More news . . . Dave, our 16 year old has finally managed to finish his driving classes (his last class was postponed because Mom wasn't able to get him there) and will be taking the test for his license this week. I'm sad that I can't be there with him on this momentous occasion but looking forward to him driving down to see me in his new (used) car. Our youngest, Graham, turned five on the 23rd and Alex (my youngest "original kid") is nine today. Happy Birthday boys! There was no cake and ice cream, no party or even a special dinner to mark these occasions. We'll have to make up for that as soon as I can come home. At least they received their gifts (Graham got a new "big boy" bike and Alex a Discman), thanks to Peter. He is doing such a great job of holding everything together. I don't know how I would survive this without him. And on that note . . .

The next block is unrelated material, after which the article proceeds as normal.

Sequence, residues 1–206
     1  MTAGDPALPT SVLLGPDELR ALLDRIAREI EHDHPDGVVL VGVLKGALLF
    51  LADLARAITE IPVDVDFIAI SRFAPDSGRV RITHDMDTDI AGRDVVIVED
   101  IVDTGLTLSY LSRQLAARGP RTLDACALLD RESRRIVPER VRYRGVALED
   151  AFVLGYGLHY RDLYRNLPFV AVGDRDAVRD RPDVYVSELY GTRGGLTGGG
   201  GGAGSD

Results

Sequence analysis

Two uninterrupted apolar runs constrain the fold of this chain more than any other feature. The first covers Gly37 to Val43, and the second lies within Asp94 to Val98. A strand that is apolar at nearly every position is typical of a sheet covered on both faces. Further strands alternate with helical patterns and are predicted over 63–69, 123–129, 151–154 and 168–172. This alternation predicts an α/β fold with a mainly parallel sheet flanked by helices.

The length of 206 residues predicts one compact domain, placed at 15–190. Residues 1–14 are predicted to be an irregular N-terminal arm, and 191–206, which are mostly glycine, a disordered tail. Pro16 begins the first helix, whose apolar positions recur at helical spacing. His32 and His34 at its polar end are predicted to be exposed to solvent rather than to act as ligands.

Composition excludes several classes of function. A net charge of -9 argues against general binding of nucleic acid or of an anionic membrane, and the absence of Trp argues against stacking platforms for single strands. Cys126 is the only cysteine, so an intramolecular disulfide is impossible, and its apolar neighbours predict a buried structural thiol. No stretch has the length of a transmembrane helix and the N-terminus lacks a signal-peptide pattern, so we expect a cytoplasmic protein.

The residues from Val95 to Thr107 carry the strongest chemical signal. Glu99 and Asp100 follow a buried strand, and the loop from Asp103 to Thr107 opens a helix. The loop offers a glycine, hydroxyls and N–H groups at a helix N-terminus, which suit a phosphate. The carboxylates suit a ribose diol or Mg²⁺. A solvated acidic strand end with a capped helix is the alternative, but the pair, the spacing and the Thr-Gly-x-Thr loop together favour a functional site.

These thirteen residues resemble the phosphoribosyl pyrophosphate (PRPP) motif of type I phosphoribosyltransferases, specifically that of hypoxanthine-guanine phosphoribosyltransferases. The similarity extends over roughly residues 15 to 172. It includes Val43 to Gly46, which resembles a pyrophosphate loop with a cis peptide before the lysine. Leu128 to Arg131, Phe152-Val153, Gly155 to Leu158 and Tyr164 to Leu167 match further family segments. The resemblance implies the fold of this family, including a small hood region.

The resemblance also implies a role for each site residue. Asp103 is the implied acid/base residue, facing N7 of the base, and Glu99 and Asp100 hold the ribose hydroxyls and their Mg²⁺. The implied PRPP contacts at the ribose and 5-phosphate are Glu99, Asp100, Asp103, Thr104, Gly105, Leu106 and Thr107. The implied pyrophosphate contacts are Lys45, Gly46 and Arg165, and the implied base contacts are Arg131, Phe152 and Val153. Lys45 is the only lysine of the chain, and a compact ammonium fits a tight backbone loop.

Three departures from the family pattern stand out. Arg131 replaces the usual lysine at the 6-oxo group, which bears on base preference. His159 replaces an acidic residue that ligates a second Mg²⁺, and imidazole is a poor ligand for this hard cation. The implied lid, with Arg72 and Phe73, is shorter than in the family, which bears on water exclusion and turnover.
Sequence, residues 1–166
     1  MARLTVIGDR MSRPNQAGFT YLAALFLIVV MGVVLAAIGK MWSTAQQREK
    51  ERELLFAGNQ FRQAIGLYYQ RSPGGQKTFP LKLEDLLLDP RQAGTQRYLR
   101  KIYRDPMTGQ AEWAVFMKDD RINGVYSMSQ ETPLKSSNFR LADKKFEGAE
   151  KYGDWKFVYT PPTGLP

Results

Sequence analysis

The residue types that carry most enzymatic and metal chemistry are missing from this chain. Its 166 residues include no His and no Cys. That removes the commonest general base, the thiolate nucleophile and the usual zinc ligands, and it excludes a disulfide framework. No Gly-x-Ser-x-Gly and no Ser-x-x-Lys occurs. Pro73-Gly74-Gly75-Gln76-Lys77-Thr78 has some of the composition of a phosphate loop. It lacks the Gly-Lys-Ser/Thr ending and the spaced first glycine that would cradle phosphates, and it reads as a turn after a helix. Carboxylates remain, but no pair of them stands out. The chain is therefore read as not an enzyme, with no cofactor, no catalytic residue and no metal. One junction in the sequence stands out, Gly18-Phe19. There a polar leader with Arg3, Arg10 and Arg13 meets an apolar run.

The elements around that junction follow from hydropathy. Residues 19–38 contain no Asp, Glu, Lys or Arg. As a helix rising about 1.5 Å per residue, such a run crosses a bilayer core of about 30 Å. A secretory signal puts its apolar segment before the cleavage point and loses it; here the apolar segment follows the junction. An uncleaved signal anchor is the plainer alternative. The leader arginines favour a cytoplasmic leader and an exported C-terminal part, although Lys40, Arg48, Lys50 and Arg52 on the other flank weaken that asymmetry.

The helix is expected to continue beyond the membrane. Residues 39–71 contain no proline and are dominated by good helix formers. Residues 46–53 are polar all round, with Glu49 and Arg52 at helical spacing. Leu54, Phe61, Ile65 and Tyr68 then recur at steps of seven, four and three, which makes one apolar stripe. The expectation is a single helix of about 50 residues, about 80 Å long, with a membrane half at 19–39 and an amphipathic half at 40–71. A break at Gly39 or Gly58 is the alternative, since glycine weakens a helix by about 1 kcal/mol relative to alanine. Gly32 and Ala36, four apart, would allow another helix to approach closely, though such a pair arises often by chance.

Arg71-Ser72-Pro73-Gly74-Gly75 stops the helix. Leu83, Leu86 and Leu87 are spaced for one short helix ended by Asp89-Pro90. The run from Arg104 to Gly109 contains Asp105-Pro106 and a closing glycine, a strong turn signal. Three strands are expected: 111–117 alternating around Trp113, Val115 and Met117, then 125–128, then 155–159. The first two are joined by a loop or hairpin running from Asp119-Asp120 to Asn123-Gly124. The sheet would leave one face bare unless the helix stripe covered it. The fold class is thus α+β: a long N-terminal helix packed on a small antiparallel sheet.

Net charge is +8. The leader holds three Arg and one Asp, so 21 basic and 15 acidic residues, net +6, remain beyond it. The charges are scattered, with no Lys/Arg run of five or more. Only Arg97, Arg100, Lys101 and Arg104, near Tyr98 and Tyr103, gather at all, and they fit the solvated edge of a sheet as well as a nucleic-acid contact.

I really want to thank everyone who has sent me encouraging e-mail. I can't express how much your prayers and warm wishes mean to all of us. This "hospital thing" is one of the hardest things I have ever done, but I know it would be so much harder without all of the support and caring from my Internet friends.